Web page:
There were probably about 15 individual spots set up along the walls of the room. Each had their own trash can, mats, and pillows – this was no amateur set up. Clearly this room was utilized for this purpose on a regular basis, just as you would expect of your top-notch lawyers.

There is an entire ritual, or procedure perhaps I should say, associated with chewing qat. First of all, the well dressed lawyers I had lunch with had changed their attire, eschewing their button-down shirts in favor of their undershirts, and removing their pants for a long cloth wrapped around their waist, more akin to a skirt.

Not having the appropriate attire, I instead chose my place next to my contact, and stretched my legs out, laying quite comfortably up against the cushion on the wall (I considered taking off my pants, but thought that’s too cruel to do to anyone, ever). Next to me was my trashcan, a litre of water, and an entire thermos of sweet, sweet, very sweet tea – all essentials of the qat chewing experience. The leaves themselves were washed and then placed standing up in the wastebasket itself, to dry. Afterwards they would be put back in the plastic bags next to each person, and the wastebasket would then become a normal wastebasket for refuge, like the long stems of the plant.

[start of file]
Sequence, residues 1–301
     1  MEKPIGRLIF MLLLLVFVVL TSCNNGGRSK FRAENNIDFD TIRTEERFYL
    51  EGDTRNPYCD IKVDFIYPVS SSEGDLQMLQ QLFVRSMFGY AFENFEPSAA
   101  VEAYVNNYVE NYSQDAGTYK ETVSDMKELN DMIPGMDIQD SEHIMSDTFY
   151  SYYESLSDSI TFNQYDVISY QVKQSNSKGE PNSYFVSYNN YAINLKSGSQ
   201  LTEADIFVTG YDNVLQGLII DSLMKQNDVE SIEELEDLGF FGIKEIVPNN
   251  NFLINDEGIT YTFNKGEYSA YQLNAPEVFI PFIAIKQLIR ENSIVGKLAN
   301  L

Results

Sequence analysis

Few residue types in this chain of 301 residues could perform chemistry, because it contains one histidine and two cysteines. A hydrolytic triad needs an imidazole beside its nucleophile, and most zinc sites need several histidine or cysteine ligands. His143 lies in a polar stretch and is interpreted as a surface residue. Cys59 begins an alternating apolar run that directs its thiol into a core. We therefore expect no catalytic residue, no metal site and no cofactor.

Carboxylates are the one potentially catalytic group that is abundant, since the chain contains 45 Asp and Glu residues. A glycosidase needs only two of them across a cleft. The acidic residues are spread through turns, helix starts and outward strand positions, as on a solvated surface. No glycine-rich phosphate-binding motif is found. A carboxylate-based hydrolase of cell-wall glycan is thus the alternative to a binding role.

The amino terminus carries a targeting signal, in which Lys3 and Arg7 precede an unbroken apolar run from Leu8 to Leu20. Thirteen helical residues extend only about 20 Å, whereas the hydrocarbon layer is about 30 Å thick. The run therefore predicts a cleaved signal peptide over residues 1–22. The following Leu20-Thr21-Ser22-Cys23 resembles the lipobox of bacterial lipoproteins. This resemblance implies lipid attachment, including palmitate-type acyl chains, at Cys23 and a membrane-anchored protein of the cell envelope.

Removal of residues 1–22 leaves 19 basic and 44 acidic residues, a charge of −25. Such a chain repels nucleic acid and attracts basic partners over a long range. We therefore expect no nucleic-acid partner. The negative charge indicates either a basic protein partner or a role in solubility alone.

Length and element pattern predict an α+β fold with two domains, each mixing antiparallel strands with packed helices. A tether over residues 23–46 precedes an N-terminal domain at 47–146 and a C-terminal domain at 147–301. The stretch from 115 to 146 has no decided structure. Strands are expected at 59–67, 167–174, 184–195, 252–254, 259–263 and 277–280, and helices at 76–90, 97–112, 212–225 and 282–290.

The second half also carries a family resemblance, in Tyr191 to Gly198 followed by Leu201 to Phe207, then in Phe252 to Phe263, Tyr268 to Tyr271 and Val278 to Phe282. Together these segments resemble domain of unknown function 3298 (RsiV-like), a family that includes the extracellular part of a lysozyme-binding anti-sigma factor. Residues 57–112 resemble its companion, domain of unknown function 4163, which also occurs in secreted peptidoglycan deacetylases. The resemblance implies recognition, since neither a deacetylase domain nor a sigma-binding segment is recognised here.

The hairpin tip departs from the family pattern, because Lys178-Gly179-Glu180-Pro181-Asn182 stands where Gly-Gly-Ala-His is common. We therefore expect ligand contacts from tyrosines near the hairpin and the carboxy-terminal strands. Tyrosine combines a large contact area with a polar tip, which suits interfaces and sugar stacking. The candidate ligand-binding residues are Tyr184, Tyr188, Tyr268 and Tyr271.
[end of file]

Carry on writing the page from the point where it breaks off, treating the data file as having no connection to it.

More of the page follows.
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the setup

The session began with about five or us, but more people kept filtering in an out (including a very charismatic but conservative imam at one point, who spoke perfect English and went around making fun of everyone for chewing qat while urging us replace that with prayer instead. He disappeared as quickly as he had arrived and with no apparent converts – though given his charisma, if he had stayed another five minutes or for three more qat chews, I probably would’ve been had). In any case the men (it was and typically is only men) all sat around, chewing their leaves, and discussing the day’s topics, which often involved politics and current events. The conversation went in and out of Somali, so I was only privy to certain sections, usually when an inquisitive newcomer was curious about the obvious foreigner in the room.

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imam would not have been too happy about this

This continued for about 2 hours, until around 4pm. At that time, people slowly began to set up small plastic trays next to their spots, and break out their laptops. Ostensibly to work, as even I was given the Internet code, but every time I looked at my neighbor, there was a combination of soccer highlights or Facebook pages on his screen.